Help! I'm being stalked by a diet ad
Products you viewed on one site are following you around the Web as more companies embrace targeted marketing techniques.
We wrote recently about a new phone app that knows when you're in a store and rewards you for stopping by, perhaps with relevant coupons. It's the latest twist on location-based services such as Foursquare, where users get rewards and sometimes deals for "checking in" at establishments.
Some people reject those technologies. They don't want to tell marketers where they are.
We have news for you. They already know, at least if you're in front of your computer.
The New York Times reported recently on a marketing technique known as personalized ad retargeting, in which ads from websites you have visited follow you around to other websites, in some cases even showing you the exact products you viewed but didn't buy.
Because I'm always online looking for deals, I often see ads for the group coupon networks Groupon and LivingSocial. When I travel, those ads change to reflect the city I'm visiting, even though I'm using the same computer.
But I found it odd that an ad for a weight-loss program I'd once looked at kept popping up on the websites I visited. Surely that small company couldn't afford to advertise on that many sites. Could that ad actually be following me around?
Yes, it could and most likely it is. It even showed up at the bottom of the Times story on ad retargeting.
This is how the Times explained the practice:
People have grown accustomed to being tracked online and shown ads for categories of products they have shown interest in, be it tennis or bank loans.
Increasingly, however, the ads tailored to them are for specific products that they have perused online. While the technique, which the ad industry calls personalized retargeting or remarketing, is not new, it is becoming more pervasive as companies like Google and Microsoft have entered the field. And retargeting has reached a level of precision that is leaving consumers with the palpable feeling that they are being watched as they roam the virtual aisles of online stores.
Online marketers have known quite a bit about us for a long time. Amazon suggests new products to us based on products we have looked at or bought in the past. Facebook bases the ads we see not only on our demographics but also on our online habits.
The personalized retargeting noted by the Times isn't new, but we are seeing more of it as it is embraced by larger companies and major advertising networks. (Microsoft publishes MSN Money.)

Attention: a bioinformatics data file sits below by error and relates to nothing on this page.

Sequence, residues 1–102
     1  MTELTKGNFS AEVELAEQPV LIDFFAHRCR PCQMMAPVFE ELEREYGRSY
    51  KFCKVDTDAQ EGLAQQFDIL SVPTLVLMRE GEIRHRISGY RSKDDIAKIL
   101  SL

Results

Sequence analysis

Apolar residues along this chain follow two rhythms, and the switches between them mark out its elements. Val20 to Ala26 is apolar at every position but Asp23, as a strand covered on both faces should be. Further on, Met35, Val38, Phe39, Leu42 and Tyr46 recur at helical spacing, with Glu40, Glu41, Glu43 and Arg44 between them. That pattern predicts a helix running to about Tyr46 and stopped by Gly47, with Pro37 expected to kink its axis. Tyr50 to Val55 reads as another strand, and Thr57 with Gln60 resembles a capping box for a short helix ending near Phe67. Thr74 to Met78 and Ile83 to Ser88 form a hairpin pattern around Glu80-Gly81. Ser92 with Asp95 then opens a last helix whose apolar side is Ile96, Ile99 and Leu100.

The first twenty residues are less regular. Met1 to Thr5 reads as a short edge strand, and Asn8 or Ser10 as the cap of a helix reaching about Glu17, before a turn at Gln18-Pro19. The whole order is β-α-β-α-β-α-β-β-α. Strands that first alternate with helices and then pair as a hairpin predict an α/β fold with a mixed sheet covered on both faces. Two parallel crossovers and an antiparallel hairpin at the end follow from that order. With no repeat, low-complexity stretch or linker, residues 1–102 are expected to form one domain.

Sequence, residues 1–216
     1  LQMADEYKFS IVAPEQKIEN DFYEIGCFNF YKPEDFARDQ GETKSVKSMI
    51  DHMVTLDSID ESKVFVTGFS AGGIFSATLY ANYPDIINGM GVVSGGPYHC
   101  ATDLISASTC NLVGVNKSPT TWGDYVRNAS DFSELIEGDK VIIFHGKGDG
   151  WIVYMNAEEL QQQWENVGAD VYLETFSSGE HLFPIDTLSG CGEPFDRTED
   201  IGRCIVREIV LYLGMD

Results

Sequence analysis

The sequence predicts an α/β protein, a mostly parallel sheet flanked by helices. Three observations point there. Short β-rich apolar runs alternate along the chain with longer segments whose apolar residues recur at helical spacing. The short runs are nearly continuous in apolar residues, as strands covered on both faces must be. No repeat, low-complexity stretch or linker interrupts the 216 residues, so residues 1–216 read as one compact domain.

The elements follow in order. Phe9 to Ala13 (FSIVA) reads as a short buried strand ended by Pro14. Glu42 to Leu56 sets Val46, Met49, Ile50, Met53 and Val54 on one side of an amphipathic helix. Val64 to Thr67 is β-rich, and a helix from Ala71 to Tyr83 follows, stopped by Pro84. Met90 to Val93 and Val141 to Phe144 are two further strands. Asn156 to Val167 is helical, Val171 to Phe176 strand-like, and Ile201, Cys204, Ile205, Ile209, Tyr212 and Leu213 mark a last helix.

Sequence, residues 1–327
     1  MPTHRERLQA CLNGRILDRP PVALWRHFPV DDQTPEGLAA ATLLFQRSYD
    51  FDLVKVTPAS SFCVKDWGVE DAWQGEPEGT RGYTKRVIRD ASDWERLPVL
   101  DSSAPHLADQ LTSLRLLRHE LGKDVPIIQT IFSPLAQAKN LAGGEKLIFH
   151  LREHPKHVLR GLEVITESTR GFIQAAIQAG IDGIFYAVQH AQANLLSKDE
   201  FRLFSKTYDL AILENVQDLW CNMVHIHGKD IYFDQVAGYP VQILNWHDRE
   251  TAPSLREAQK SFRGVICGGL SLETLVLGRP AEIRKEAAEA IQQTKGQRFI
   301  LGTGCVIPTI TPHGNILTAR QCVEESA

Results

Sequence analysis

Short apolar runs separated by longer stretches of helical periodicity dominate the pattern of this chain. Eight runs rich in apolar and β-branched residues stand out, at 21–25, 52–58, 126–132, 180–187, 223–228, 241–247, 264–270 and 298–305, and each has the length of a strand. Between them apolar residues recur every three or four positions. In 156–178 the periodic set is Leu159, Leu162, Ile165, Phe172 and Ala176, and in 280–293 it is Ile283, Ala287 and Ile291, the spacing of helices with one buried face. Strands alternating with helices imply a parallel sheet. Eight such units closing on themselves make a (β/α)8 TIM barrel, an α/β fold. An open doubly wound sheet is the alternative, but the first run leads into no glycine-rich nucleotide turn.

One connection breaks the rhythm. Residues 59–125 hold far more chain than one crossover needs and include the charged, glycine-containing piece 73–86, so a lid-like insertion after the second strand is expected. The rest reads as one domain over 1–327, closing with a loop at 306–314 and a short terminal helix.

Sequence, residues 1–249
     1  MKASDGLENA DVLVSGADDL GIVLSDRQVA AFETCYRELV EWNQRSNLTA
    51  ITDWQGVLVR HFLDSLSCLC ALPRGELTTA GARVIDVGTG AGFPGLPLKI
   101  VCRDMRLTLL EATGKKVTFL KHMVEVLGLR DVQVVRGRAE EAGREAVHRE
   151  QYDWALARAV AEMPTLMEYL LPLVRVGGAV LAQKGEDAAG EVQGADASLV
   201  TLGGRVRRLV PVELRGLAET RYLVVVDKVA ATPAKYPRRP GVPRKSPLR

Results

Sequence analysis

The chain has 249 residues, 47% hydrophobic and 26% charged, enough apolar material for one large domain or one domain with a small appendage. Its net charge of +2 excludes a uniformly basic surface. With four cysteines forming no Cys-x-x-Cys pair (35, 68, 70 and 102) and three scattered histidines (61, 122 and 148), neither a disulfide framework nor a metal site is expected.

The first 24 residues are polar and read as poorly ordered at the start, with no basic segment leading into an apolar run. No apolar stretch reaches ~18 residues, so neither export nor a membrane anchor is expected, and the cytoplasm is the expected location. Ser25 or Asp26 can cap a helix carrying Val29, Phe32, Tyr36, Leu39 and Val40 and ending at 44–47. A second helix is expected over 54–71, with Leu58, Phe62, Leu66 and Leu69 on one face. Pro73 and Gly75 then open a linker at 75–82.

Companies are tracking our habits through the use of "cookies," the files exchanged when we visit a website. Cookies do everything from keeping us logged in to our favorite sites to providing marketing information about us to businesses. Ad retargeting uses a cookie linked to the exact product we viewed to show us that product again later, at another site. (Here is an explanation from one of the companies that does retargeted advertising.) The cookies don't provide the advertisers with our names, but with our estimated demographics and browsing history.
A blogger interviewed by the Times and Advertising Age columnist Michael Learmonth both found it disconcerting to be "stalked" by ads for products they had viewed but not purchased at Zappos.com. (Zappos.com's Jim Kinsbury left a comment at Ad Age explaining the company viewpoint.)
"For days or weeks, every site I went to seemed to be showing me ads for those shoes," Julie Matlin, a blogger from Montreal, told the Times. "It is a pretty clever marketing tool. But it's a little creepy, especially if you don't know what's going on." Still, she was happier to see the shoes than she was to see an ad for a diet program she had used. "They are still following me around, and it makes me feel fat," she said.
If you're interested in what data marketers are collecting about you when you browse the Internet and how they're using it, The Wall Street Journal recently wrote a series of articles, including instructions on how to opt out or edit the profiles marketers see. You can also delete cookies from your browser.
Even the advertising professionals who left comments at Ad Age were split on their reactions to the targeted ads. Lon of Overland Park, Kan., said many of us would not want to be followed around by EVERYTHING we had viewed on the Web. He wrote:
While many shoppers welcome relevant additional information, there should be an opportunity to communicate that you don't want a particular product added to your profile. Without that, a woman buying lingerie for a special date or a guy looking for a sexy gift for his girlfriend may experience an uncomfortable moment when "re-targeted" for a G-string from La Perla while preparing to make a Web presentation to a client.
What do you think? Are you willing to share some information with marketers in order to see targeted ads? Or is this just another slide down the slippery slope of privacy erosion?
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